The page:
Last week, the Undergraduate Student Government (USG) held its elections for the 2018-2019 academic year. Third-year chemistry major Maya Rao took the top executive position, president, by a 53.76 percent win.
She hopes to “steer the organization in a positive direction over the course of the [2018-2019 academic] year.”
Rao was a participant in her high school’s student government program and noted that her acceptance letter to Case Western Reserve University encouraged her to join USG. Taking the suggestion into consideration, her experience with USG began when she was elected first-year representative during first-year elections
Her second year, she became USG Treasurer, and this year, Rao served as the Vice President of Finance.
“With each of these roles, I was able to gain a greater understanding of the inner workings of USG and of the University,” she said.
Rao is a champion when it comes to addressing an issue, finding a solution and implementing an effective strategy. While serving as treasurer, she collaborated with the Undergraduate Diversity Collaborative (UDC), the Residential Hall Association (RHA), the Flora Stone Mather Center for Women (CFW) and other members of USG to write Resolution 26-02, “Access to Free Menstrual Health Products.” The legislation ultimately increased the accessibility of menstrual and sexual health products for the CWRU community by placing dispensers in the majority of campus restrooms.
She also attributed her most recent activity as the vice president of finance for setting her up with the credentials necessary for taking on the role of USG President.
“Serving [as the vice president of finance] in particular equipped me with the skills I needed to grow as a leader,” she said, ”such as making connections with administrators and students, organizing and running meetings, empowering representatives to complete initiatives and learning how to effectively handle conflict.”
Rao was a key player in restructuring the Student Executive Council (SEC)’s funding process. She helped establish clear procedures and formalized the SEC Allocations Committee after it underwent a trial run, which broadened communication between the USG Finance Committee, the Allocations Committee and the Students Presidents’ Roundtable (SPR).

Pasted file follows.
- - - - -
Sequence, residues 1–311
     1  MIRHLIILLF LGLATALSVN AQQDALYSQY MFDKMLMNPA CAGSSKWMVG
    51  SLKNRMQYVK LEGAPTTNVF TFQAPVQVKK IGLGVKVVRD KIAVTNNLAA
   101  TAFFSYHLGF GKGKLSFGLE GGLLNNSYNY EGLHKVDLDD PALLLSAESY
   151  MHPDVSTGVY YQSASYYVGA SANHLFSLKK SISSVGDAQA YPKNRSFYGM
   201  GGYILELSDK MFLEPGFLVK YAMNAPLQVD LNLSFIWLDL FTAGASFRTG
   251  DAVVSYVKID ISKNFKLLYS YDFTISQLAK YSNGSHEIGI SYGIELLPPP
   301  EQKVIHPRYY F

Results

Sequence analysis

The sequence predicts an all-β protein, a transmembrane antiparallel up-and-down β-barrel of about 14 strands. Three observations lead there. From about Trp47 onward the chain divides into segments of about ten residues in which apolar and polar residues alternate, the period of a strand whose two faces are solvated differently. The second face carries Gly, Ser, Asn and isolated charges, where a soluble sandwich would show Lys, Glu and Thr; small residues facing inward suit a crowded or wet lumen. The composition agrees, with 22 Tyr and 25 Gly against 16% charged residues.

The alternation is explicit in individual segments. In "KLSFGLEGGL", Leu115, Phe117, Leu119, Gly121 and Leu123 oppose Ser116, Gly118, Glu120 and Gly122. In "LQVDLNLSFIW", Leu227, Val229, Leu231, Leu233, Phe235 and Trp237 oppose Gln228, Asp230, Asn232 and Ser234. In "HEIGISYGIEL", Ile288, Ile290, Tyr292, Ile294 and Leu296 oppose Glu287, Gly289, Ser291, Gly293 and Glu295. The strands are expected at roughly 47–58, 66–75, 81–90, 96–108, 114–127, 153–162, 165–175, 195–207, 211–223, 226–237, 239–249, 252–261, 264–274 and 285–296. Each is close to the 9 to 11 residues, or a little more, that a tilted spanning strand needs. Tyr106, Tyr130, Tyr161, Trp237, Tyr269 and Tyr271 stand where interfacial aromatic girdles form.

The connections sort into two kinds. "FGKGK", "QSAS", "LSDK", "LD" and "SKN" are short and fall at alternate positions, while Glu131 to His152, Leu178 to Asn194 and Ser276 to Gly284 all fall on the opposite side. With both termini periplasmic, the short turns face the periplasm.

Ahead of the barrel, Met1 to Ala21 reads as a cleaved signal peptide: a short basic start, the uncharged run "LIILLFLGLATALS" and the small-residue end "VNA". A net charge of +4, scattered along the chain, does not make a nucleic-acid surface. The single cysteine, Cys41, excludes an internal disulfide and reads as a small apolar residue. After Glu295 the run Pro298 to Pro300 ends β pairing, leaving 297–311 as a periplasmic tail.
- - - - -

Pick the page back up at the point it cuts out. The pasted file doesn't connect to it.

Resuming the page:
The new president hopes to establish more open networks of communication, which she believes will promote mechanisms to enhance internal and external USG relations.
“My hope is that we will be able to address more student concerns, as well as wrap up a few long-term initiatives over the course of this upcoming year,” she said. “By equipping representatives and vice presidents with the tools they need to succeed, I believe we can make strong progress on both small- and large-scale initiatives and enact beneficial change on campus.”
Among her top priorities as president include carrying out the Diversity & Inclusion Committee’s university-wide disability audit initiative, creating an “Org Leader-centered feedback mechanism” and increasing accessibility of General Assembly meetings in terms of location and content. Rao said the projects will involve a great deal of collaboration between USG committees, which she thinks will increase the body’s overall efficiency.
Wellness is another one of her focal points, which she said the University has also expressed its commitment to. The newly instituted wellness director position and consideration of more academic flexibility in the Commission on the Undergraduate Experience (CUE) report acknowledge this aspect, but Rao hopes to tackle the problem through the governing body which she now leads.
“One thing I think that needs further addressing is student burnout and stress,” she said. “[Although] we are making strides towards addressing physical and mental wellbeing, I believe this needs to be coupled with academic changes that reduce workload to allow students to explore their interests and improve their personal wellness.”
Rao credited previous USG President Ivy Petsinger, who will graduate this May, for teaching her important lessons on leadership. She praised Petsinger’s “immense positivity and kindness,” and admired her supportive and empowering attitude towards USG members.
“Ivy was always very good about handling unexpected situations with grace and flexibility,” she said. “She has always advised me to see the bright side in any situation and from her, I’ve learned what it means to be a leader: sometimes stepping up, sometimes stepping back and observing when other voices need to be heard.”
Petsinger shared similar sentiments towards her successor.
“[Rao’s] outstanding leadership skills, commitment to [USG] and ability to balance everything she does astounds me,” said Petsinger. “I look forward to seeing all of the accomplishments in the coming year and where USG is going to go under Maya’s leadership.”
Rao’s inauguration took place on April 24, along with that of other USG representatives and Executive Committee members.